By Andrew Oxford | Arizona Republic
Just before the presidential preference election a little over a year ago, Coconino County Recorder Patty Hansen had a problem. About a quarter of her poll workers had canceled.
It was the start of the pandemic, after all. And it made clear that 2020 would be a very unusual election year.
So, the county hired more temporary staff. With more interest in voting by mail due to the pandemic but concerns about slow delivery, Hansen’s office bought more drop boxes to set up everywhere from Sedona to Williams and Page. And the county staffed drive-thru voting and drop-off locations.
Hansen paid for these new expenses with a grant from the Center for Technology and Civic Life, a private non-profit that gave over $5 million to help nine Arizona counties — some run by Democrats, some run by Republicans — to administer last year’s election.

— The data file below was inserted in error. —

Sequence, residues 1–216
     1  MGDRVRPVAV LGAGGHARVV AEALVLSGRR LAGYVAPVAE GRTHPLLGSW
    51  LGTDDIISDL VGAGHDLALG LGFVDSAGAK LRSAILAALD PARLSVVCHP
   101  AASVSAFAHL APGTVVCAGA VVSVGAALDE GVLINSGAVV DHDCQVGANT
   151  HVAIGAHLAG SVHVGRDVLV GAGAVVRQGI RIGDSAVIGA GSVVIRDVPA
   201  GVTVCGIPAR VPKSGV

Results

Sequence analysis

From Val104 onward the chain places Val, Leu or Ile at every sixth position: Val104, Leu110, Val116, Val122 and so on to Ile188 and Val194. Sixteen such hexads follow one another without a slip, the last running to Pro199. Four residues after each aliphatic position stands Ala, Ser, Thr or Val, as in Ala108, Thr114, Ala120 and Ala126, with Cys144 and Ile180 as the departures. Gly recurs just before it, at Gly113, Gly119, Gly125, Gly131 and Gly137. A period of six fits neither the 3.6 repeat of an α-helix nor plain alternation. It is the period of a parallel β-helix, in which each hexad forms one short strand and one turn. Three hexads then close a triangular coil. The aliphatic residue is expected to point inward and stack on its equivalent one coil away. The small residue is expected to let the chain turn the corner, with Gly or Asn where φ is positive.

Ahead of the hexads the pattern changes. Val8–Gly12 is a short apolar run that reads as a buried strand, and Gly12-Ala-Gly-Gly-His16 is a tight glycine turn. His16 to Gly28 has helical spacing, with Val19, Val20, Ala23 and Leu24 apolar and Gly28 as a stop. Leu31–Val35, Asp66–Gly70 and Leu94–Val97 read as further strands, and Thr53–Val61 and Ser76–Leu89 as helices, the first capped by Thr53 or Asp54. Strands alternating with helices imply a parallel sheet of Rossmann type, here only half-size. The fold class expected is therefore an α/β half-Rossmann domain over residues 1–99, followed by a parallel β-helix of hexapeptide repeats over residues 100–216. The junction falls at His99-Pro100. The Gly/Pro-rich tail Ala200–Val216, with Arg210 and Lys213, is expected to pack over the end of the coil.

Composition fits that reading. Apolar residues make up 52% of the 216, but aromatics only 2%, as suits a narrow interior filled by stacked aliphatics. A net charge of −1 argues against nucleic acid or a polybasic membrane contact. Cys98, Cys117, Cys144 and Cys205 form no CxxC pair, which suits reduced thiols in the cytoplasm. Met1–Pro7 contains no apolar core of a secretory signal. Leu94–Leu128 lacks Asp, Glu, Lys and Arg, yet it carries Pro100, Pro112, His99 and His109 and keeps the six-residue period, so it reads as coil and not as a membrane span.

“We could not have done all of this without that money,” said Hansen, a Democrat first elected in 2012.
While the county had not received grants to pay for elections in the past, the choice was easy for its recorder: There were no strings attached and it saved the taxpayers money, she said.
But the Arizona Senate voted along party lines Wednesday to ban such grants as Republican lawmakers have raised concerns about allowing private organizations to fund part of the voting process.